The device 160 outputs a TTL-level signal along path 162, which is used for the triggering of the acquisition phase, with the timing of the trigger being determined by capacitor 164 and resistors 166. Monostable device 170, on the other hand, is used to determine the length of the refractory delay period, in conjunction with capacitor 172 and a resistance 174, which is adjustable to bring about a variable delay. For a wider range of variability, a switch 176 may be used to place different resistances in series with the potentiometer 174, as shown.
The output of timer 170, along path 180, feeds an amplifier 182, the output of which is delivered along path 184 to the inhibit input (pin 4) of the device 144, thereby establishing the refractory period. More particularly, the third timer 170 assures that the first timer 144 cannot be retriggered until the refractory period terminates, thereby preventing any unwanted triggering of the acquisition program by induced currents or voltage spikes. A monitoring of the refractory period may optionally be delivered along path 186, utilizing one of the pins of the UIM100 connector.
FIG. 2 is a diagram which shows the relationship among various electrical signals according to the invention. Reference is made to path numbers in FIGS. 1A to 1C. Signal 202 illustrates a biological input signal, in particular, the R-wave of a patient's cardiac cycle. This signal is processed to produce a waveform 204 having peaks strongly correlated to the R-peaks. As shown in waveform 206, a refractory inhibiting signal is generated, having an onset coincident with the first R-peak shown in the figure, and a variable delay in accordance with the circuitry described above. Waveform 208 illustrates the TTL output for triggering of the acquisition program along path 162. Note that, with the variable delay extended past the second R-peak shown in the figure, TTL-level triggers occur only for every other biological input signal, thereby preventing false triggers.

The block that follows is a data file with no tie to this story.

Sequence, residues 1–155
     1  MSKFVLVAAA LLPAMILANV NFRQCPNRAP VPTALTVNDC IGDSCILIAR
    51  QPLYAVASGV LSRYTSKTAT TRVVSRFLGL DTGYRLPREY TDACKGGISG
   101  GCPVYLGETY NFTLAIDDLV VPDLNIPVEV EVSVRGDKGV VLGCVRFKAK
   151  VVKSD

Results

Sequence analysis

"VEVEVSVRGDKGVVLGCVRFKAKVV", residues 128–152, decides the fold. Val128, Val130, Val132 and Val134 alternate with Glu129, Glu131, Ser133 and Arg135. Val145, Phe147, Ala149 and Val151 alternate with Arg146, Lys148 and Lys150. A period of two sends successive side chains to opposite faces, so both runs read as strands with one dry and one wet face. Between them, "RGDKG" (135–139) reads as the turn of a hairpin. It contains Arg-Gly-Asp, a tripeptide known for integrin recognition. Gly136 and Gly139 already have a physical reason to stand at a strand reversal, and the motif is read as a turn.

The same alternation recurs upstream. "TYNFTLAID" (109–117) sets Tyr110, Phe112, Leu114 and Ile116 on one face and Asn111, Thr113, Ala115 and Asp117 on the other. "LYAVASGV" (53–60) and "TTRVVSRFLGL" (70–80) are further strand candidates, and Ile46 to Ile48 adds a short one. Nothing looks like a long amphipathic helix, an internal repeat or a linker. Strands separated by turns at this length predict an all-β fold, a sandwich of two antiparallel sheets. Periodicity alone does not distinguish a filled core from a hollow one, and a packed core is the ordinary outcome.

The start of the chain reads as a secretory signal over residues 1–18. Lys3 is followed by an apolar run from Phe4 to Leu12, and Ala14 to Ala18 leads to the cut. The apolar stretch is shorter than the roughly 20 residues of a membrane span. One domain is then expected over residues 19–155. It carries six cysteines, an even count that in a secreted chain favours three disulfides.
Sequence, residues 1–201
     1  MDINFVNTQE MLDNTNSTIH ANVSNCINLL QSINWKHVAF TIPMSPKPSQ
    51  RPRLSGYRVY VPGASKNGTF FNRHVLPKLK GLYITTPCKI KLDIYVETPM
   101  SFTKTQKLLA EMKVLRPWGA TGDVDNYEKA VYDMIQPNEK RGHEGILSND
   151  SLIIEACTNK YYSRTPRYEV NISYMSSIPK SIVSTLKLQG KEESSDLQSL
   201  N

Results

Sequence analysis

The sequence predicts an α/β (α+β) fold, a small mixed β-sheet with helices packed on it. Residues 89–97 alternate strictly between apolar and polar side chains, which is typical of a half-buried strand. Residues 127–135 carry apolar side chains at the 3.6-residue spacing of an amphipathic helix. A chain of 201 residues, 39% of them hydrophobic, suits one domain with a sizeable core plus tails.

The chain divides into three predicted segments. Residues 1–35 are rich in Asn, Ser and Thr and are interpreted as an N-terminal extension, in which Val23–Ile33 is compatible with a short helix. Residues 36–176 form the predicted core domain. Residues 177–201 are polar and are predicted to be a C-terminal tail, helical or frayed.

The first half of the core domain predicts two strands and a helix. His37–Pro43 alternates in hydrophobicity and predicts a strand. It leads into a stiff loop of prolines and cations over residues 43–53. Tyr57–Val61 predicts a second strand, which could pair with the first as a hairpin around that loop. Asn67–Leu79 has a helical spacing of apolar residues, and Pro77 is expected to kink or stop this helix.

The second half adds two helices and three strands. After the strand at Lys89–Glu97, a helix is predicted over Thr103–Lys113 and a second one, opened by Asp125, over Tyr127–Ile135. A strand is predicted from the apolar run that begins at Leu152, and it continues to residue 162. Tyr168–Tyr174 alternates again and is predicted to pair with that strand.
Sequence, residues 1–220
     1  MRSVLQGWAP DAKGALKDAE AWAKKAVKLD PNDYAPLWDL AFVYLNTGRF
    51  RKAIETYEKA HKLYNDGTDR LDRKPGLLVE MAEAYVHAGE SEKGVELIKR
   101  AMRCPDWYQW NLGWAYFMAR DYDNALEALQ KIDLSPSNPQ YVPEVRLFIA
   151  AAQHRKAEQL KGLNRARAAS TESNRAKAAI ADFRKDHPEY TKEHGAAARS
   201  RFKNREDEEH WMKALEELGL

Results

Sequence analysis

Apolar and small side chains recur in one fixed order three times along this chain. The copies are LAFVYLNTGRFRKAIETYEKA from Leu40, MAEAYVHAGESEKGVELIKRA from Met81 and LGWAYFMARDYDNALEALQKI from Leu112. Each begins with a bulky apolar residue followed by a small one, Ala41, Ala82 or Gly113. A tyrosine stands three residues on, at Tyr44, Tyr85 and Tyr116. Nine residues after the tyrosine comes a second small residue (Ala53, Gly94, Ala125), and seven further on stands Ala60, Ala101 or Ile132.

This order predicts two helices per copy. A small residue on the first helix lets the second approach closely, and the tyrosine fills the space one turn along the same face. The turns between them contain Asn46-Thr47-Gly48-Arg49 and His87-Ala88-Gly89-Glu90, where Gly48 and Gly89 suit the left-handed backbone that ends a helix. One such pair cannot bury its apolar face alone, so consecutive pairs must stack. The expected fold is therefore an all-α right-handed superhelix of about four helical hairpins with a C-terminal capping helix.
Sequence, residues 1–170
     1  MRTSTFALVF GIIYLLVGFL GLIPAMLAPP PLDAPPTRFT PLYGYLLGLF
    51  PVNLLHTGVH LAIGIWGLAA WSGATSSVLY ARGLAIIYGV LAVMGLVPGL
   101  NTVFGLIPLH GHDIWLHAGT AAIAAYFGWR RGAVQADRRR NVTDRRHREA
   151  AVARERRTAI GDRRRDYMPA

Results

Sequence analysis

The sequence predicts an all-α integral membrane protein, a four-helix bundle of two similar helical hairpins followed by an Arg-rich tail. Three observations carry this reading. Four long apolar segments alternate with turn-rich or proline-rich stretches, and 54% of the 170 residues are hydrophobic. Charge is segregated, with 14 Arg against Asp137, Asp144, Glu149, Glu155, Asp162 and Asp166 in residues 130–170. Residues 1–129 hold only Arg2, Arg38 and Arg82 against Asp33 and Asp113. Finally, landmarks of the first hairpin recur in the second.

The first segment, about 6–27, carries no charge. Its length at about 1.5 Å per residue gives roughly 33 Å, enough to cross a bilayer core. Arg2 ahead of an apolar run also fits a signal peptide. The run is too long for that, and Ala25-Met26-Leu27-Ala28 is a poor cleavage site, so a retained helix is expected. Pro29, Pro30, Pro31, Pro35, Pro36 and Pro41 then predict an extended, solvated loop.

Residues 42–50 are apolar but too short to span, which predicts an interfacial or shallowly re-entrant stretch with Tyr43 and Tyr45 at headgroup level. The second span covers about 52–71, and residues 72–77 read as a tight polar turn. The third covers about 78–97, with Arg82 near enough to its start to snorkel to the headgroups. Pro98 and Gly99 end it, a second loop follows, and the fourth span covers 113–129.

|Cited Patent||Filing date||Publication date||Applicant||Title|
|US4694837 *||Aug 9, 1985||Sep 22, 1987||Picker International, Inc.||Cardiac and respiratory gated magnetic resonance imaging|
|US4712560 *||Aug 9, 1985||Dec 15, 1987||General Electric Company||Apparatus and method of acquiring physiological gating signals for magnetic resonance imaging of moving objects|
|US4736328 *||Sep 23, 1985||Apr 5, 1988||General Electric Company||Apparatus for shifting the phase of transmitter and receiver analog baseband signals in an NMR system|
|US4752734 *||Feb 24, 1987||Jun 21, 1988||The General Hospital Corporation||Flow imaging by means of nuclear magnetic resonance|
|US4777957 *||Jun 14, 1985||Oct 18, 1988||General Electric Company||Method for measuring and imaging fluid flow|
|US4800889 *||Apr 6, 1987||Jan 31, 1989||General Electric Company||Rapid-scan NMR angiography|
|US4855910 *||Oct 22, 1986||Aug 8, 1989||North American Philips Corporation||Time-clustered cardio-respiratory encoder and method for clustering cardio-respiratory signals|
|US4903704 *||Aug 14, 1986||Feb 27, 1990||North American Philips Corporation||Method and apparatus for MR imaging|
|US4979512 *||Jul 13, 1989||Dec 25, 1990||Siemens Aktiengesellschaft||Pulse sequence with non-constant scan repetition time for a nuclear magnetic resonance tomography apparatus|
|US4995394 *||Aug 11, 1989||Feb 26, 1991||General Electric Company||Fast NMR cardiac profile imaging|
|US5000182 *||Aug 11, 1989||Mar 19, 1991||Picker International, Inc.||Cardiac synchronization magnetic resonance imaging|
|US5245288 *||Aug 10, 1992||Sep 14, 1993||U.S. Philips Corporation||Magnetic resonance examination apparatus with wireless transmission of spin resonance signals from high frequency coil system processing unit|
|US5251628 *||Jun 23, 1992||Oct 12, 1993||General Electric Company||Variable ECG delay in fast pulse sequence scans|